A Greens and Labor-dominated Senate inquiry has called for an immediate review of the federal government’s $50 million program to help fund private companies’ exploratory drilling for gas in the Northern Territory’s Beetaloo Basin.
Under the Beetaloo Co-operative Drilling Program, the federal government has awarded grants totalling $21 million to Empire Energy, a junior gas company chaired by Paul Espie, who is also chairman of the Liberal-aligned Menzies Research Centre.
The Beetaloo is one of the gas fields the government plans to further develop as part of its planned “gas-led recovery” from the COVID-19 pandemic.
The drilling program is part of a $224 million funding commitment made last December to help industry establish a gas field in the Beetaloo Basin, 600 kilometres south of Darwin, as part of the federal government’s gas-fired recovery from the coronavirus downturn.
The inquiry was conducted by the environment and communications committee, chaired by Greens senator Sarah Hanson-Young. In a majority report endorsed by Labor and the Greens, it raised concerns over perceived conflicts of interest in awarding of the grants and recommended the Department of Industry, Science, Energy and Resources immediately review the program.
It also said the federal government should require grant recipients to repay the funding if they produced commercial volumes of gas, and called for a review of the consultation process used to negotiate consent for drilling from Traditional Owners and Native Title holders.
The committee examined potential conflicts of interest arising from historical political donations to the Liberal Party and contact between Empire Energy and Resources Minister Keith Pitt, who is responsible for the program, and federal Energy Minister Angus Taylor, who represents the resources portfolio in cabinet, before the grants program was announced.
Coalition senators on the committee rejected the inquiry’s call for a review of the funding program. In a dissenting report, they said the majority report “ignores written evidence from Empire confirming that there had been no discussion with ministers or staff” about the grant program.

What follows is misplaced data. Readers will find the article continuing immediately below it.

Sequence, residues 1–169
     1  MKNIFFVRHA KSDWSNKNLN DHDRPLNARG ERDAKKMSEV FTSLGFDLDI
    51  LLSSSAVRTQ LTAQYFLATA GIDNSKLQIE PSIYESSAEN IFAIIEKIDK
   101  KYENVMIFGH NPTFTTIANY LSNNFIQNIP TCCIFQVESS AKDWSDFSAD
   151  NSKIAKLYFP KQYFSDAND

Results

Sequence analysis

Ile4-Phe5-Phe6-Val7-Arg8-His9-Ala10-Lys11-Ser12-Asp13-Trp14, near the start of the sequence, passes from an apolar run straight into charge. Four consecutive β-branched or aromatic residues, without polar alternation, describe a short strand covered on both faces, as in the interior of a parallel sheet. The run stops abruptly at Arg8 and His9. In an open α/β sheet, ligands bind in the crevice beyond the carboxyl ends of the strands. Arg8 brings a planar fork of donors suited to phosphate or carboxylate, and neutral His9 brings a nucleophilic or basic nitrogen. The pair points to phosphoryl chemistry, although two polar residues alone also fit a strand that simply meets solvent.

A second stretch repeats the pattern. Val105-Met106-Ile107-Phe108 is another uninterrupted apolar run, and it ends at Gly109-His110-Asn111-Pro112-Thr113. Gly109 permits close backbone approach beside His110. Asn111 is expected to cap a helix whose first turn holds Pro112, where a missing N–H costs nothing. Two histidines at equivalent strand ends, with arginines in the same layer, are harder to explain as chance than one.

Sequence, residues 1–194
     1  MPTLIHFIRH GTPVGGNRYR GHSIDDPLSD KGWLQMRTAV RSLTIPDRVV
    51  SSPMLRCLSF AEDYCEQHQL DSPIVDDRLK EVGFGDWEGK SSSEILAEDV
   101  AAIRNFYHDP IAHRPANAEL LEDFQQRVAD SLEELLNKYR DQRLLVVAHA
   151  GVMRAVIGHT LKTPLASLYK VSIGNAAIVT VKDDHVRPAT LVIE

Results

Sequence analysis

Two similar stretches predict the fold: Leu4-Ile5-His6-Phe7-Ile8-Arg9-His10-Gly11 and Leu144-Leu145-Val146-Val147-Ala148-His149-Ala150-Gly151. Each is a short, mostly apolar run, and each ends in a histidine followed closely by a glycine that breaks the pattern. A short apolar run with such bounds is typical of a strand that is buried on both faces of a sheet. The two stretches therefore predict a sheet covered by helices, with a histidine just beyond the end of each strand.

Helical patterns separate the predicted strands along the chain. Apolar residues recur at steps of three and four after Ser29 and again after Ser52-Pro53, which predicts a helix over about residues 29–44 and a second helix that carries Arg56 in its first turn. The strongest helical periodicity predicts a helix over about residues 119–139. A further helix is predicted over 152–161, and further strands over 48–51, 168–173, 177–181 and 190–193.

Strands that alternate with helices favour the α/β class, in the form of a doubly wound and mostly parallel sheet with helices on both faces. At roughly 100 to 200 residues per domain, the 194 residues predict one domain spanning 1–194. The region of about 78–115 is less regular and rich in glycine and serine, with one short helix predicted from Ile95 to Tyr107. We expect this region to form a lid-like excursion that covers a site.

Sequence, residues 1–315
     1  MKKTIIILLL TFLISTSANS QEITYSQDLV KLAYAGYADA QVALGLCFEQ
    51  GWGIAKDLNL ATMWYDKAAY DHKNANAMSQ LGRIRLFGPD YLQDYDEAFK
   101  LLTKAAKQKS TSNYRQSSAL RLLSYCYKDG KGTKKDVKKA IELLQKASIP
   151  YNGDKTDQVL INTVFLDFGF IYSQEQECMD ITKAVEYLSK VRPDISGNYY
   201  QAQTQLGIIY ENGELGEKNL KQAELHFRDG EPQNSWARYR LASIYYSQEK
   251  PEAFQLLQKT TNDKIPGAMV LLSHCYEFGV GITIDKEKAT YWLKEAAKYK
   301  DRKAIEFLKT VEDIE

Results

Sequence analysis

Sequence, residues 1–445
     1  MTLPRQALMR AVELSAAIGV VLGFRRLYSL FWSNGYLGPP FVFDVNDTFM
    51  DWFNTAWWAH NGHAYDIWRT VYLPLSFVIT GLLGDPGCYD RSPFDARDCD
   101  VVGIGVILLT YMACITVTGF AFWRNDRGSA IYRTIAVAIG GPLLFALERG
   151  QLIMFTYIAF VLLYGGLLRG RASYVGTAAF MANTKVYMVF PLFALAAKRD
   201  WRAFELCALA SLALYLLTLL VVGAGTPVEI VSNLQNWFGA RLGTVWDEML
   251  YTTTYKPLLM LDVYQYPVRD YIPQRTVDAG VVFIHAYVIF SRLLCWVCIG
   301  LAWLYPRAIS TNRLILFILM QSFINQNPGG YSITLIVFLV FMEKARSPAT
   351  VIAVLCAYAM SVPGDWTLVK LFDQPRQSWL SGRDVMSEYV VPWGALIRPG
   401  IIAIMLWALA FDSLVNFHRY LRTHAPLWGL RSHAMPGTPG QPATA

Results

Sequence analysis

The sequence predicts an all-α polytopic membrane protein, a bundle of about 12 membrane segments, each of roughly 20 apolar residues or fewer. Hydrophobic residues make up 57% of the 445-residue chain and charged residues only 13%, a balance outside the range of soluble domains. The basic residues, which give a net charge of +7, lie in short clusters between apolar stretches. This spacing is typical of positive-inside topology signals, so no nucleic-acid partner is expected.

Mr Pitt said the funding was awarded through an independent process.
“That decision was made by me, the Minister for Resources, based off the advice and of course the recommendations of an independent panel who made an assessment against the guidelines for the Beetaloo program, which I accepted,” he said.
Empire Energy’s submission to the committee said the grant funding was expected to generate economic activity four times the amount of public expenditure. The company’s managing director, Alex Underwood, told a hearing the company had not lobbied the government ahead of the grant funding and said Mr Espie’s connections had no role in the awarding of the grant to Empire Energy.
The Department of Industry, Science, Energy and Resources said its assessment panel had considered the grant to Empire Energy and found it met the eligibility criteria for public funding. However, the inquiry’s report noted that a freedom of information request revealed one of the assessors did not fully endorse the grant.
It also said the information provided by the department “seems to indicate” the electorate where the drilling was located was considered in the grant process, but the relevant portion of the documents submitted were blank and it was unclear what, if anything, had been omitted.
Senator Hanson-Young said evidence to the inquiry showed the Beetaloo grant program was “already poorly administered” and called for Labor to support a Greens’ motion to remove its funding.
“The Parliament should not ignore this evidence and should vote to terminate this fund,” she said.
The Senate will vote on Wednesday on the motion from the Greens to block the Beetaloo drilling program. Labor’s caucus resolved on Tuesday to reject the Greens motion.
It is a controversial issue for Labor, which is split between the left flank calling for fossil fuels to be phased out, and its right wing, including resources spokeswoman Madeleine King, which backs expansion of the gas industry in Australia.
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